Jan Butorovich has always had a soft spot for children, especially those who end up in the court system through neglect or abuse.
As a volunteer for the Yellowstone Court Appointed Special Advocates program, Butorovich has devoted hundreds of hours a year working for children and speaking for them in court. In the nine years she has volunteered, Butorovich has been an advocate for 33 children and usually serves two families at a time. She also is the volunteer representative on CASA’s board of directors.
“Each new case is so different it continues to be interesting,’’ she said. “It’s very important to know what the child wants.”
Last month, Butorovich received the CASA of Montana Volunteer Advocate of the Year at the 2010 Montana Child Abuse Prevention Conference in Helena. Montana Supreme Court Justice Jim Rice presented Butorovich with a plaque.
Some of her “miracle” cases, she said, include a single aunt in her 20s who adopted three young children when their mother could not care for them. The aunt bought a house and “has been extremely successful” with the children, she said. In another case, placement for a severely disabled baby appeared improbable until a nurse who had cared for the baby agreed to become the child’s guardian.
“There’s so much good in the world,” Butorovich said.
When a child has a good placement, Butorovich said, it “gives you a sense of satisfaction and success. And it feels good.”
CASA is a statewide program that networks with 15 local programs, which are individual nonprofit organizations. The local CASAs operate in their own judicial districts.
Advocates are trained volunteers who regularly visit children in foster care, speak up for their needs and make reports in the best interests of the children to the judge. Advocates work with the judges, attorneys appointed to represent the children, social workers and other professionals.
Shirley Folkwein, Yellowstone CASA’s executive director, said Butorovich is well-respected. “More importantly, with her unique style of gentle compassion with firmness, she connects with the children, and family members trust Jan and listen to her,” Folkwein said in nominating Butorovich for the award.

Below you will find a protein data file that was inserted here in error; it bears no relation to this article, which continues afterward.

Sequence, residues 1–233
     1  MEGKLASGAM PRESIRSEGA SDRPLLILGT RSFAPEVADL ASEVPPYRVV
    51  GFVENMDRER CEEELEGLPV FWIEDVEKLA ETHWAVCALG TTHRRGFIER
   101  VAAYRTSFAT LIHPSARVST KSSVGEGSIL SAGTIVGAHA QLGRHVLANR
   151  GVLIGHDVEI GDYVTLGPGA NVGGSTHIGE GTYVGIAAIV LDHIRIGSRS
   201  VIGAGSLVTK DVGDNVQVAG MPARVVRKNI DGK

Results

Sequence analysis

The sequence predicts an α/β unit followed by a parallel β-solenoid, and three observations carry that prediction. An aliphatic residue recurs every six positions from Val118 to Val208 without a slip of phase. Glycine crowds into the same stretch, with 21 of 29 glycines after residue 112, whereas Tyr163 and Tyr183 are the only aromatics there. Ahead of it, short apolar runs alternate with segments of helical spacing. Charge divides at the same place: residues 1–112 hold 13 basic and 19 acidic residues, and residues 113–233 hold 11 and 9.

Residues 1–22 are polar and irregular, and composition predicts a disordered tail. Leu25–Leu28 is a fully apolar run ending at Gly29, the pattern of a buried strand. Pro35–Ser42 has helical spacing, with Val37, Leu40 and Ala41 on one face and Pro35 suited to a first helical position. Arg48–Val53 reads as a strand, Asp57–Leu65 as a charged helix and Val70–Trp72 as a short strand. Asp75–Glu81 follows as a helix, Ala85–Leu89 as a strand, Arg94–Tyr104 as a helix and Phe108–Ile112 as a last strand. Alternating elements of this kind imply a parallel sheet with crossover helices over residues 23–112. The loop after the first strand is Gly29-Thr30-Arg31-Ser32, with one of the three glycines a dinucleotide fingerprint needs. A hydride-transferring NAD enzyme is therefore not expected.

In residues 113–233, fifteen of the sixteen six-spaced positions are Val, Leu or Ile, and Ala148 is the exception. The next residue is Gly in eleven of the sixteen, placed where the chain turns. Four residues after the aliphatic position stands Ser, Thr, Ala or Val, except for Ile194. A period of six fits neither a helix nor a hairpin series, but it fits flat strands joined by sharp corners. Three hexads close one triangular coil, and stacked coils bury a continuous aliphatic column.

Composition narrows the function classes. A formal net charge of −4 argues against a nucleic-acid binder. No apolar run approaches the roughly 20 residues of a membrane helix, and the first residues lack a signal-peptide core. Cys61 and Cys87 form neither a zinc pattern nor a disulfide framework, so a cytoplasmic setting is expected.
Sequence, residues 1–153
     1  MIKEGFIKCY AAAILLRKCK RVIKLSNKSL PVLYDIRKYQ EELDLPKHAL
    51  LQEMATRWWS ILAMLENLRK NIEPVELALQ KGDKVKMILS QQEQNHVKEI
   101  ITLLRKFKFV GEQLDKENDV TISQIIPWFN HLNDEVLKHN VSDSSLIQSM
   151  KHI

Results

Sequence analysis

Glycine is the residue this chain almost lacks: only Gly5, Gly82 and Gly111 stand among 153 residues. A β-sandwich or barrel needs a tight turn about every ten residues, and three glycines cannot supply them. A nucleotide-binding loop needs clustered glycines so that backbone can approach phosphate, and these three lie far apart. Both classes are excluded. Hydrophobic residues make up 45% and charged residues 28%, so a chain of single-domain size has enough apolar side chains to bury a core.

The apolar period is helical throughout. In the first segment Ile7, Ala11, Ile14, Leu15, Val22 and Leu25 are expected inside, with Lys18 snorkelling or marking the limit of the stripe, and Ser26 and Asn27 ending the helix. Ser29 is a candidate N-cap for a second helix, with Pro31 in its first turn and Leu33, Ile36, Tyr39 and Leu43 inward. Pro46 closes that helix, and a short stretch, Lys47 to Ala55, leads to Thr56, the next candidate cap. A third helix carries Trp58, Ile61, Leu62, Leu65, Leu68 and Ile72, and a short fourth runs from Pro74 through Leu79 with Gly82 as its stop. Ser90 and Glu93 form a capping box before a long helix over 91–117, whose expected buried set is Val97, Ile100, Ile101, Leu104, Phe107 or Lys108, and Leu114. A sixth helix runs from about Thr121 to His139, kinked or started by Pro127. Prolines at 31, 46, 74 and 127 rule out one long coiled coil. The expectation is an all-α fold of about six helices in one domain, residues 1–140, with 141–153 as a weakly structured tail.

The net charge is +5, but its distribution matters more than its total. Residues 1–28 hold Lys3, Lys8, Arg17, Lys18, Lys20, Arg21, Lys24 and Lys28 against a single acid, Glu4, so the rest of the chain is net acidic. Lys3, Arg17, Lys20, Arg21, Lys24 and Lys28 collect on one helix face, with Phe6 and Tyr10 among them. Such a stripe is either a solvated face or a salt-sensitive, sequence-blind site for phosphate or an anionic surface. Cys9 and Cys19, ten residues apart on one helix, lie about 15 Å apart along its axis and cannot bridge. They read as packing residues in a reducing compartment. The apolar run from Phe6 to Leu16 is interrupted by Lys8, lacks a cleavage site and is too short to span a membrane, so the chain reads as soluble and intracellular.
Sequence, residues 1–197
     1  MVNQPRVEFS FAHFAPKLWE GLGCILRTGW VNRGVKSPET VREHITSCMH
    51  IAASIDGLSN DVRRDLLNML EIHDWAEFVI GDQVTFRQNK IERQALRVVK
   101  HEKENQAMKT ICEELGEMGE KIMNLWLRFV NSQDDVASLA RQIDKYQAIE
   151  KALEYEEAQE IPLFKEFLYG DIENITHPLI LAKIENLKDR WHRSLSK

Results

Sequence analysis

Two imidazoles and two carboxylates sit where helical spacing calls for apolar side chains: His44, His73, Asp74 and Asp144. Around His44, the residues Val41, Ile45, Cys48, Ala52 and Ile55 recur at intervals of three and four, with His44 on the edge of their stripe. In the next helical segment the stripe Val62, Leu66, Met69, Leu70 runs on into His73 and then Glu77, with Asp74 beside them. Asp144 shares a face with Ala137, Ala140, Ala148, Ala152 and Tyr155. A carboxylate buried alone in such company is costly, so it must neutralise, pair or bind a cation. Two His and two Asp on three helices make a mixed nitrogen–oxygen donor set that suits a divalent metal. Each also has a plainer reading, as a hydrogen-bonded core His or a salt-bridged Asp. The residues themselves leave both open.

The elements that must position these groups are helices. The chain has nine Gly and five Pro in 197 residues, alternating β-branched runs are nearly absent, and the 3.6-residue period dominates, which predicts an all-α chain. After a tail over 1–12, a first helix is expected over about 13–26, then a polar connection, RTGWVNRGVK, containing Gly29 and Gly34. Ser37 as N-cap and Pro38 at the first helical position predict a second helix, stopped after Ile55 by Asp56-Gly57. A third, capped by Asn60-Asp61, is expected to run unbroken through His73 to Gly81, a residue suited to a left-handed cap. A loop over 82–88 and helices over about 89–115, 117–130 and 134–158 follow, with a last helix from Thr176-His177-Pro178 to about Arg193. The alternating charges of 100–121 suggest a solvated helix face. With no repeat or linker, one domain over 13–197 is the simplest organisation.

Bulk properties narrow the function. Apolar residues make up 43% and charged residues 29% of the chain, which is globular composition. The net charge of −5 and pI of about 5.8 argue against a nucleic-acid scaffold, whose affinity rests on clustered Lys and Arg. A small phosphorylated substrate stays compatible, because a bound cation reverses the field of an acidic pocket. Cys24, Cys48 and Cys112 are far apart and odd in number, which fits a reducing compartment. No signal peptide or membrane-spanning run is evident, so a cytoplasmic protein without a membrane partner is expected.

Butorovich gravitates toward children with special needs because she understands them, she said. But Butorovich has spent a lifetime caring for people with special needs of all ages.
A registered occupational therapist, Butorovich worked for 30 years as a therapist at the Warm Springs State Hospital. In 1988, she moved to Billings, where she worked at the new psychiatric center at what is now Billings Clinic for 10 years before retiring in 1997.
Butorovich began advocating for children while in Anaconda and joined Yellowstone CASA in April 2001, about a year after the program got started locally.
In addition to child advocacy, Butorovich had been a hospice volunteer since 1997 and visits the homebound and ill through pastoral care work she does through her church, St. Stephens Episcopal Church.
A pet lover — German shepherds in particular — Butorovich has been involved in pet therapy programs for more than 40 years.
At 78, with two knee replacements, Butorovich is in good health and shows no sign of slowing down. “I do stay busy,” she said. “I was used to working eight hours a day. I get up. I need to have some purpose during the day.”
Butorovich said she was honored to be recognized for her CASA work and credited the support of her large family. “It’s amazing to be honored for something you love to do. You don’t really know how to react except to say, ‘thank you.’ ”